I’ve been having a considerable lack of brain fuel lately, not to mention an increasingly solid wall that I’ve been head-butting into whenever I opened a word document.
Frankly, I’m fed up with it. So today, I decided to break through the wall, and come up with whatever rubbish my brain would produce.
So, without further ado, I present “The Black Cat.”
When I was a boy, walking down the groves of New Hampshire, there would always be a tiny black cat with glowing yellow eyes waiting for me at the end of Main Street.
I never stopped to observe it, being a simple child of ten. My interests were more clearly focused on the local candy shop, which was run by Benny, the stingiest man on the planet. Seeing how I was the best freeloader, we didn’t quite get along.
Now, back some time in the 1950s, there was a day where everything seemed a bit too strange. Like time had stopped, the galaxy stopped moving, and gravity shifted so that the law of physics didn’t apply anymore. It was a clear day, with the bluest sky I had ever, or will ever, seen. The green in the grass seemed sharper, the flowers brighter, and the trees simply reached for the heavens.
It was on this day that I was introduced to a remarkable black cat.
It was around noon when I strolled home from school for lunch, whistling and seeming to all the world a care-free child. But there was that uneasy prick in the back of my neck, the one that tells you, when things go far too well, there’s bound to be trouble in the end.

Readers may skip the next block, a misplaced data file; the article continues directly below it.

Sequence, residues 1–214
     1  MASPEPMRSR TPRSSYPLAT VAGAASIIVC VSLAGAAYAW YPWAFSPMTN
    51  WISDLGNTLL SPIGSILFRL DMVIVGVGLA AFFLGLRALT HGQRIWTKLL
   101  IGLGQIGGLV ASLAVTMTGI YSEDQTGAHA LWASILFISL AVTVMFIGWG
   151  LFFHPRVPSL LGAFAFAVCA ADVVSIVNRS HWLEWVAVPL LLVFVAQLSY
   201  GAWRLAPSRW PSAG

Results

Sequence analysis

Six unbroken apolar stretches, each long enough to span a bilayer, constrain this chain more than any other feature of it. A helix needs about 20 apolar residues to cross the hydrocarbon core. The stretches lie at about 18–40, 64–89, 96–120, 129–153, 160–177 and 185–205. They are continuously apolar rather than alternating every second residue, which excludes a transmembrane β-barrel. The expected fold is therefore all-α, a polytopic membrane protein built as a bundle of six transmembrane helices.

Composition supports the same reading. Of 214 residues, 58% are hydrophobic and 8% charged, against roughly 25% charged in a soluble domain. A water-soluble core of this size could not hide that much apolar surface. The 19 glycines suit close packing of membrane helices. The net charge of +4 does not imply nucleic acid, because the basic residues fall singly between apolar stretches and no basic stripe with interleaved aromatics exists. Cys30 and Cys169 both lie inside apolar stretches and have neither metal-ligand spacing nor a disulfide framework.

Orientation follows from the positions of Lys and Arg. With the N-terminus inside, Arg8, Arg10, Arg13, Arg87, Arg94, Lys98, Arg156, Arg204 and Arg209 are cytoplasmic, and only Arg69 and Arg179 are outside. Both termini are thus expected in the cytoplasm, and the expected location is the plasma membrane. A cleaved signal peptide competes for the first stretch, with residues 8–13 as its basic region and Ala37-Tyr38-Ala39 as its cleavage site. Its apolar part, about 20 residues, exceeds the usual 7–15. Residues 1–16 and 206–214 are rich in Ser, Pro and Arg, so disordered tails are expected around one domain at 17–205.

I reached that corner on Main Street, right by Benny’s Sweets, and leaned ever so slightly to catch a scent of that melted chocolate. And lo and behold, even Benny was in a good mood today. Good enough to tempt me to wander in.
The man looked straight up as I stepped in, all casual like, and his smile instantly flattened.
“Look boy, I don’t want any trouble from you today.”
It was a testimony to my childish foolishness that I scoffed at him in the most infuriating way possible. “Don’t worry, Benny. I’ve given away most of my trouble. I was going to save some for you, but as you don’t want it, I’ll have to give it to my brother, when I get home.”
Benny’s eyes narrowed, and the bubbling in the pot of chocolate grew louder.
“I wouldn’t mock me if I were you, boy.”
Now, being ten years old means several things. It means being old enough to know that adults are miserable in various ways, but too young to know that half the time, children are the source of that misery. Therefore, I proceeded to attempt to make him as miserable as I could.
A little too miserable.
“If you were me, Benny, then I would be you. And I were you, I’d give me candy. Because you never know what might happen in the future.”
At that moment, I should have run out of the shop. Across Benny’s face spun an incredibly nasty smile. My fear must have shown on my face, because that smile grew larger.
“That’s right, boy. You never know what might happen.”
The bubbling grew even more fierce.
I took a step back, deciding that this might not be the day to ridicule him farther. Unfortunately for me, I tread on the tail of a cat while leaving.
A black cat.
It proceeded to hiss and give me a nice scratch across the ankle. Howling in pain, I ran home, all carefree antics forgotten.
I’ve decided to end part one here. Hopefully, I’ll write more. If I don’t, then I’ve simply forgotten.